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Kaushic lab studies the relationship between sex hormones, the vaginal microbiome and immunity in HIV-1 susceptibility in women

Paper authors (from left to right) Dr. Charu Kaushic, Haley Dupont, Dr. Allison Felker, and Dr. Jocelyn Wessels.

Women are more susceptible to HIV-1 than men, with approximately 40% of all HIV-1 infections originating in the female genital tract (FGT). Increasing evidence suggests that sex hormones – such as those found in hormonal contraceptives –  affect HIV-1 susceptibility through direct and indirect mechanisms involving inflammation and immune responses. In a recent review in Disease Models & Mechanisms, Postdoctoral Fellow Dr. Jocelyn Wessels of Dr. Charu Kaushic’s lab takes an extensive look at the current literature to propose viable correlations between the sex-hormone–microbiome–immunity axis and HIV-1 susceptibility in women. 

Wessels’ proposes in her study that the observed impact of sex hormones on HIV-1 susceptibility could be directly connected with their ability to regulate the composition of microbes within the vaginal tract. Estradiol, for example, has been shown to play a significant role in establishing a microenvironment within the vaginal microbiota that is largely lactobacillus-dominated. In contrast, DMPA – a progestin-based injectable contraceptive recently found to vastly increase HIV-1 susceptibility in women – depletes estradiol in the female genital tract, leading to a reduced population of lactobacilli and a more diverse array of other bacteria within the vaginal microbiota. Interestingly, studies have shown that a vaginal microbiota dominated by lactobacillus species has a protective effect against HIV-1, as lactobacilli appear to reduce innate inflammation and, subsequently, the potential number of HIV target cells. On the other hand, complex bacterial compositions – such as those seen in women using DMPA – have been found to correlate with increased HIV-1 susceptibility, as diverse compositions may induce innate immunity, upregulating cytokines, inflammation and activated T cells – a major target of HIV-1.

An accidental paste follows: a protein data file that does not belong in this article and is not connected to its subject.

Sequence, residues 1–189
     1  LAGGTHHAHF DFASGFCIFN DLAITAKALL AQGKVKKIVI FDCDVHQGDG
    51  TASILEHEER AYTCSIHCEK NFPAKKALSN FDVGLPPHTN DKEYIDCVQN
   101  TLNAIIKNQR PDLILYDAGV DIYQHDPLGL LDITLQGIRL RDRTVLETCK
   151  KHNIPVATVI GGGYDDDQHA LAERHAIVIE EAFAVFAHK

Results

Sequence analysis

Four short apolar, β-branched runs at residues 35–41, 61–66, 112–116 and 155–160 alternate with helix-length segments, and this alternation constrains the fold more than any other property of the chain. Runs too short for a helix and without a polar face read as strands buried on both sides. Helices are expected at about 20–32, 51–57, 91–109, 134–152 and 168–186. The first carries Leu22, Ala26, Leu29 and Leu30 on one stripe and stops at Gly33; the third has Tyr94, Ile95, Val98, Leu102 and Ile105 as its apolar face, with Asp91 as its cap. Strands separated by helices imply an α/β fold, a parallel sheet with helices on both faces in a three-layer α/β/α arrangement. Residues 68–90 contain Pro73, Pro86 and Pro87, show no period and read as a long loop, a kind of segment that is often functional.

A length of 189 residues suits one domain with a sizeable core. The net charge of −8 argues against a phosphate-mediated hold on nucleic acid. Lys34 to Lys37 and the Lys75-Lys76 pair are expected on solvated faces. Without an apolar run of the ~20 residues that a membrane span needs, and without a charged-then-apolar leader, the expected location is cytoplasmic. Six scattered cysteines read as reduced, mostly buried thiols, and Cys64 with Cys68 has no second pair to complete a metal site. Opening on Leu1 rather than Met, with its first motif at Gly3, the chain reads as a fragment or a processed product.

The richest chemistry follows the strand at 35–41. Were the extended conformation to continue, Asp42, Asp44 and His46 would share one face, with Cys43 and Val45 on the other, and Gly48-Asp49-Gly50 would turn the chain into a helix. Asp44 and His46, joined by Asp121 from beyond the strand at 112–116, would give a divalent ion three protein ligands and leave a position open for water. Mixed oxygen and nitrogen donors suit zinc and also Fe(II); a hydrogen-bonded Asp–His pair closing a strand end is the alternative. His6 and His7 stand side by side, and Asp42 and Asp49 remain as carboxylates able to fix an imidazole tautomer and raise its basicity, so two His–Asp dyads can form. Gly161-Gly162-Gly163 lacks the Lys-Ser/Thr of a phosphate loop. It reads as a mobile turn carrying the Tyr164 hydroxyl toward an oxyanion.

Although additional research is critically needed in this area, Dr. Wessels’ extensive review on the determinants of HIV-1 susceptibility allows us to draw a number of reasonable correlations regarding sex hormones, the human microbiome, and the immune system. Such insights will consequently help inform further clinical studies in this area, which could lead to new or improved HIV-1 treatments and prevention strategies. 

Read the full review in Disease Models & Mechanisms here.